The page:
Brian Woods will take the reins at the Oregon State University College of Engineering’s School of Nuclear Science and Engineering, in the conclusion of a rigorous search process. His appointment as head starts July 1.
Woods, professor of nuclear science and Henry W. and Janice J. Schuette Chair in Nuclear Engineering and Radiation Health Physics, brings decades of experience in the nuclear industry and academia. He joined the Oregon State faculty as an assistant professor in 2003, rising to the rank of full professor in 2014. From 2015 to 2016, Woods served NSE as associate school head.
Prior to academia, Woods worked as a diver for the U.S. Navy, as an engineer at the U.S. Department of Energy’s Office of Environmental Restoration, and as an engineer at Dominion Energy’s Innsbrook Technical Center outside Richmond, Virginia. Woods’ varied experiences have shown him the value of collaboration, and he is committed to ensuring the success of faculty and staff as the school looks to the future.
“Bringing what I have learned to this new role as school head will help me be successful in developing collaborations between faculty and students, among faculty within the school, the college, and Oregon State, and with our external industrial and academic partners,” Woods said. “I want to make sure faculty and staff have everything they need to be creative and successful and that the systems we have in place are fully supportive of them.”
Woods earned his doctoral and master’s degrees in nuclear engineering from the University of Maryland, College Park, and his bachelor’s degree in mechanical engineering from the University of Virginia.
His current research interests are in the design and safety of small and intermediate modular nuclear reactors, and advanced fission and fusion reactor concepts. He has been the principal investigator at Oregon State’s High Temperature Test Facility since 2010. He still remembers the impact early mentors had on his future.
“I am most looking forward to working with junior faculty and helping them be successful in their academic careers,” he said. “When I was a new assistant professor, the mentors in my life were so important to my development as an academic.”
Woods’ appointment was met with enthusiasm from Wade Marcum, Henry and Janice J. Schuette Professor in Nuclear Science and Engineering and interim associate dean for undergraduate programs.
“The role of head is exciting under Brian’s leadership,” Marcum said. “There’s an opportunity to steer the school in new directions that tap the potential of the faculty.”
With long-term industry startup partnerships close to coming to market, like NuScale Power and Northwest Medical Isotopes, Woods is well situated to continue the efforts of outgoing head Kathryn Higley, who has served in the position since 2010.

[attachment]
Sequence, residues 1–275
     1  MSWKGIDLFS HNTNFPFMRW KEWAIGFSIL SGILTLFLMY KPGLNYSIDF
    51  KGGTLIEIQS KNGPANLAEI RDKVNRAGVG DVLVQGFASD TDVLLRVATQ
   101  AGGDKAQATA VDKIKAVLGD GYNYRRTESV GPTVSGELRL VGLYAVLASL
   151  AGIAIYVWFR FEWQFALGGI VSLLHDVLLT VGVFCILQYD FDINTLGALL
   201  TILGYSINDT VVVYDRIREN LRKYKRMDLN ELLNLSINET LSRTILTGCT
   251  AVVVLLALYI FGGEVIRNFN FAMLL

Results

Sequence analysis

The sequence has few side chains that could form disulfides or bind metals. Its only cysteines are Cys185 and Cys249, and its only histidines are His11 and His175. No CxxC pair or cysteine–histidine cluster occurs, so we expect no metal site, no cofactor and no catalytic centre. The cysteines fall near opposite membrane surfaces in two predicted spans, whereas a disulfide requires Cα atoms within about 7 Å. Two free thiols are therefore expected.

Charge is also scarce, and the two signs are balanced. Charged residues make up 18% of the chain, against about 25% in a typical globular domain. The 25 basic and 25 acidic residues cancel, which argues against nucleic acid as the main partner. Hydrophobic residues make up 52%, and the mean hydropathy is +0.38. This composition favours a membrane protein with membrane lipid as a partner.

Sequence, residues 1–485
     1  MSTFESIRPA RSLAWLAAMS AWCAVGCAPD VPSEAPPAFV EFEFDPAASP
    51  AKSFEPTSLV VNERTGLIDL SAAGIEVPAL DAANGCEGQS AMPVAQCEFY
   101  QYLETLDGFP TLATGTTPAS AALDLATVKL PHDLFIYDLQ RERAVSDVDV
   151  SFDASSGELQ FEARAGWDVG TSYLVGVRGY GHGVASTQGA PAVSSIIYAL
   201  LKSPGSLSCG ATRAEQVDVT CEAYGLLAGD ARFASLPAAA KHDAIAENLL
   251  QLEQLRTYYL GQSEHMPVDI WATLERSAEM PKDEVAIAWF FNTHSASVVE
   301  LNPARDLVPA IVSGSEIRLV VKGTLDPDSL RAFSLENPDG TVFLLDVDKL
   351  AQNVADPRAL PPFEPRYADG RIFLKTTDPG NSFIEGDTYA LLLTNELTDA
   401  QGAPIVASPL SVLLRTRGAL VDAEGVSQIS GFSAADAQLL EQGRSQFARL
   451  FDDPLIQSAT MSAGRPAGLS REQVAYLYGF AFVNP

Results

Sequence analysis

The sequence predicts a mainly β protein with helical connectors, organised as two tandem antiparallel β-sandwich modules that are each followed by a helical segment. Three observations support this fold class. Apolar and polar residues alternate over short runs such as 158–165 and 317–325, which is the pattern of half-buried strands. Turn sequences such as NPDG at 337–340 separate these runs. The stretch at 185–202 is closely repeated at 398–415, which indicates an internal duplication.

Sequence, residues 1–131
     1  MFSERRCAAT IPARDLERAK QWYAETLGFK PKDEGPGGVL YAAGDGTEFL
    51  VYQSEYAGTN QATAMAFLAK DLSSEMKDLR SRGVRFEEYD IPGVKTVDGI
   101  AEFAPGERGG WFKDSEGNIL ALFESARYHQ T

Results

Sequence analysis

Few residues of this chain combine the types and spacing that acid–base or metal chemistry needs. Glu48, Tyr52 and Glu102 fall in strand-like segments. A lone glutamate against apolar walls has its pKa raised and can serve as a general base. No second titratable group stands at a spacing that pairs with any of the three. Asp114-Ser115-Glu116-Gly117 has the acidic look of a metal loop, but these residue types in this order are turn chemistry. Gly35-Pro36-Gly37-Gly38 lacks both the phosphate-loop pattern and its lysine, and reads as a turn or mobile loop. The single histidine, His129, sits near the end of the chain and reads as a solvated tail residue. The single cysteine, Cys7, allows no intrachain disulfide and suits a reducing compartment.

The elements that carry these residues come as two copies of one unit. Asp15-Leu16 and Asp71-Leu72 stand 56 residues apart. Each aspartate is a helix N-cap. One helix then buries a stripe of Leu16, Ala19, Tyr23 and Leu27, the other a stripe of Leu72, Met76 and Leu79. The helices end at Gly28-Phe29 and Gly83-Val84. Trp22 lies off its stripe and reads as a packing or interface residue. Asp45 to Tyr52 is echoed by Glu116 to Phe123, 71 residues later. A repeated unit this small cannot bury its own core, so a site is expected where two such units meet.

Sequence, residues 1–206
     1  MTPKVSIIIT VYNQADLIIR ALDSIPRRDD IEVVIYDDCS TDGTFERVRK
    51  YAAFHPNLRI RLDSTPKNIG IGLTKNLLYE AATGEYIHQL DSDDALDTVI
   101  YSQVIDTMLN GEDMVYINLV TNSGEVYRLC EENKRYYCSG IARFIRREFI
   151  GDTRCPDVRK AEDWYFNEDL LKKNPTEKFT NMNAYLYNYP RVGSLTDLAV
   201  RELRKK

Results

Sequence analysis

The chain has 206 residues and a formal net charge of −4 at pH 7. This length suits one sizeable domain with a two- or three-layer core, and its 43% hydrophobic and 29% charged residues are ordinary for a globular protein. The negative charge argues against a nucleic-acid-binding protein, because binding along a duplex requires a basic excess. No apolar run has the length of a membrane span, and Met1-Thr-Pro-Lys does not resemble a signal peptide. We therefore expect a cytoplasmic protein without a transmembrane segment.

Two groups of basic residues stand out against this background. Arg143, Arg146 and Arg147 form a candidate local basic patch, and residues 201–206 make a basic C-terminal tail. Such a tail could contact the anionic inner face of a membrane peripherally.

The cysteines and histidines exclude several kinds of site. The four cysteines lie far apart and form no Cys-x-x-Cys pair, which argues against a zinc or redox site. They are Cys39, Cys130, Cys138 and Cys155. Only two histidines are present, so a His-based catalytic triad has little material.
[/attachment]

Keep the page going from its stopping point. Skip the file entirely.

“My tenure has been bookended by two global events — the Great Recession, and now the COVID-19 pandemic,” Higley said. “NSE was able to navigate the recession thanks to the focus and commitment of its faculty. I believe those lessons will help my very able successor to persevere as well.”
As head, Higley added faculty expertise in forensics, safeguards, and nuclear materials, building on NSE’s traditional strengths in thermal hydraulics, systems design, and radiation protection. The school also developed the nation’s top radiation health physics program (including online offerings): It is No. 1 in the U.S. by number of graduates.
She also oversaw reclamation of lab and facility space in the Radiation Center, which continues with the upcoming move of many faculty and graduate students to a newly renovated Merryfield Hall. This gives the school capacity to fully support faculty and students in their research and hands-on learning.
“I was lucky enough to be hired by Kathy,” Marcum said. “She’s been inspirational and visionary as school head.”
In 2019, Woods received the College of Engineering’s Loyd F. Carter Award. The junior and senior classes vote for this honor, which recognizes exceptional and effective teaching. As head, he wants to ensure the school remains one of the best in the country.
“I want to continually look forward to see to it that in this quickly changing world our educational programs are responsive, rigorous and relevant, and that they provide maximum value for all of our students,” Woods said.
— Meriden Vitale